Biodiversity / Food / Water

December 2, 2011


Large Warm-Core Eddy Plays Crucial role in Arctic Marine Ecosystem

Keywords: Ecosystems / Biodiversity University / Research institute 

Researchers from the Japan Agency for Marine Earth Science and Technology identified a large warm-core eddy in the Canadian Basin of the Arctic Ocean during a research cruise with the research vessel (R/V) Mirai from September to October 2010. This is the first time such detailed observational data of a large warm-core eddy has been reported in the Arctic Ocean. The work was published in the American journal Geophysical Research Letters on August 26, 2011.

A warm-core eddy is a loop of currents whose center is warmer than the surrounding water. The data collected by R/V Mirai, which was carrying out oceanographic and meteorological observations in an open water area of the Pacific side of the Arctic Ocean, revealed that the warm-core eddy was unusually large (more than 100 km in diameter) and that its center was up to seven degrees Celsius warmer than the surroundings. The eddy also contained high ammonium concentrations. As ammonium is the result of deposition on the sea shelf during summer, the high-ammonium water in the eddy was believed to have originated from the Chukchi Sea shelf adjacent to the Canada Basin.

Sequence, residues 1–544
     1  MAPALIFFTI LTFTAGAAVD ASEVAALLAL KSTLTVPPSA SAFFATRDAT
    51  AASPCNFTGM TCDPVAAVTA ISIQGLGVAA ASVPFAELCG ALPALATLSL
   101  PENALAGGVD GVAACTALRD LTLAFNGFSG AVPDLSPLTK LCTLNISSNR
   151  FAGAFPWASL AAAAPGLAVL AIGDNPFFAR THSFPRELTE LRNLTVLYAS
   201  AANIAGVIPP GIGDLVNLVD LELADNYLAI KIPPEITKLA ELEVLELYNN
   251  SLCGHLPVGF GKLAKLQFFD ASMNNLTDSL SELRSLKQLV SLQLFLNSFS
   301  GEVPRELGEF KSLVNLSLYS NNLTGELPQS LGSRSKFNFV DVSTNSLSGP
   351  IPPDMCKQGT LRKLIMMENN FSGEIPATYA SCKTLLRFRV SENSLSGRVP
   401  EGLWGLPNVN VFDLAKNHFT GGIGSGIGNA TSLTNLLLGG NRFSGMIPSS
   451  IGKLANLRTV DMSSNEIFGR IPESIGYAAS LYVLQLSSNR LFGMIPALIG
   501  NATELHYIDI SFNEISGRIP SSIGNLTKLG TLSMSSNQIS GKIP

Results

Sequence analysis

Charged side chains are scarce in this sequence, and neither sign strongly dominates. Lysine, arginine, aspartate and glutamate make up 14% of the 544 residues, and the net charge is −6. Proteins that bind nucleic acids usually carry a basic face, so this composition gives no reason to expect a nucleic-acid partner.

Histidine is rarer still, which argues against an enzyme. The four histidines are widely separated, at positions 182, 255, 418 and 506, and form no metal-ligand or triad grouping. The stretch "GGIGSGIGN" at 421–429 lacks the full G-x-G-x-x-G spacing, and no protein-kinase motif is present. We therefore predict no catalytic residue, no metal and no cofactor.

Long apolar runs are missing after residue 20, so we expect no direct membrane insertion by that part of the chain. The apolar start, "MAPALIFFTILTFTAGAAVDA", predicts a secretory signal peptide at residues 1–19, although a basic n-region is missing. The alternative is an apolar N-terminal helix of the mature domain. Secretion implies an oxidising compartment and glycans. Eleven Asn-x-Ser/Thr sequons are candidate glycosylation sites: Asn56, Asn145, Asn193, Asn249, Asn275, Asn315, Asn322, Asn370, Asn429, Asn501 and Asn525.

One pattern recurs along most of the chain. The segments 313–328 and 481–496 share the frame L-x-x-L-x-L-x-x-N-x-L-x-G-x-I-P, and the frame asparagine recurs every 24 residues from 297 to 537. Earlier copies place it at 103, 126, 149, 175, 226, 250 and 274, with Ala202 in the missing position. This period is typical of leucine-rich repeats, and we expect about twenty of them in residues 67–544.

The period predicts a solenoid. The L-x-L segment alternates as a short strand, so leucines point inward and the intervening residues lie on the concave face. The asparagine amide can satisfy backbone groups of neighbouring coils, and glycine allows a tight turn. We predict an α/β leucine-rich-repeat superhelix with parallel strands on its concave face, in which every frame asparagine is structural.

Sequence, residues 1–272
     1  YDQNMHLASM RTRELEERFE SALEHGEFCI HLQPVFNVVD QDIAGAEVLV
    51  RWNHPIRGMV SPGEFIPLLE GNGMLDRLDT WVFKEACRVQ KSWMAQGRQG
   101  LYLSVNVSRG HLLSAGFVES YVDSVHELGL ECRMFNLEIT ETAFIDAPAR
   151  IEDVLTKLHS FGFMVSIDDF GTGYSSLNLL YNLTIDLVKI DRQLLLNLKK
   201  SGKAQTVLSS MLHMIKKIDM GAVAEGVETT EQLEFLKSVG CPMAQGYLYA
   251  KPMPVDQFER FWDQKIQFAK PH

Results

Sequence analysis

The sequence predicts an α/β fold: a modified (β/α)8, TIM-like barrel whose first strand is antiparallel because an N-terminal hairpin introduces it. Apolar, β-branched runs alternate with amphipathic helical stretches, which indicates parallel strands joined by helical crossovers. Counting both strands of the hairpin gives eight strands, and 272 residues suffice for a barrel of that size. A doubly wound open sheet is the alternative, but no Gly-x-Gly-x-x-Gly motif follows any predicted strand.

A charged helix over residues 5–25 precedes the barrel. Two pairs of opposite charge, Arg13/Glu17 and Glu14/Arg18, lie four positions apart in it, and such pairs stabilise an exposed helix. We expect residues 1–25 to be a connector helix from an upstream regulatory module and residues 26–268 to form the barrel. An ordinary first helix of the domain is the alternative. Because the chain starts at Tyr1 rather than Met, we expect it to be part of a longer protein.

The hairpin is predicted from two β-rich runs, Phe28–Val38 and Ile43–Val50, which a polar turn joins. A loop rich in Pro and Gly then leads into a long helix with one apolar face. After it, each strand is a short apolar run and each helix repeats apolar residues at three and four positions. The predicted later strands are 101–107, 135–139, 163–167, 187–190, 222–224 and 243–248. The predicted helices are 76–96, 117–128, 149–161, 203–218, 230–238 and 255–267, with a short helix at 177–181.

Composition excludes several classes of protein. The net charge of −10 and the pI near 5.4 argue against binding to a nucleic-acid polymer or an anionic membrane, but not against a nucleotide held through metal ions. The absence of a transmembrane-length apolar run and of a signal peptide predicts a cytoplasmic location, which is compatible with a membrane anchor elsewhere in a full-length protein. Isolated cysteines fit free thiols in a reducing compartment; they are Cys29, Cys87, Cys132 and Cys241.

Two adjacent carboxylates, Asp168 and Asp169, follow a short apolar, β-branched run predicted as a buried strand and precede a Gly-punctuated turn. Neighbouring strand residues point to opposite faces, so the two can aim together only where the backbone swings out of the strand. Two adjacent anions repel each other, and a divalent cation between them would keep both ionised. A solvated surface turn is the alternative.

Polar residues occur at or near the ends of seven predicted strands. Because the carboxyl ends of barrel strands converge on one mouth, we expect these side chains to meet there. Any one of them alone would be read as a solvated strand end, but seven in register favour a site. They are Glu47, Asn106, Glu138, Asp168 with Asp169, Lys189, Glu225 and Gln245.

In the upper portion of the eddy, large numbers of picophytoplankton (< 2 μm, e.g., flagellates), which utilized the ammonium concentrations for growth, were observed. In recent years, sea ice melting has accelerated the freshening of the Arctic Ocean, reducing nutrient concentrations in the euphotic zone (a layer exposed to sufficient sun light for photosynthesis) and making it uninhabitable for large phytoplankton. The findings revealed that ammonium supplied by the large warm-core eddy affects phytoplankton production and the Arctic Ocean ecosystem.

Arctic Sea Ice Shows Striking Decline (Related JFS article)
Bottom Water Warming in Pacific Ocean--Less Bottom Water Formed around Antarctica? (Related JFS article)

Posted: 2011/12/02 06:00:15 AM



R/V Mirai Survey Reveals Features and Biological Impact of Large Warm-Core Eddy in the Arctic Ocean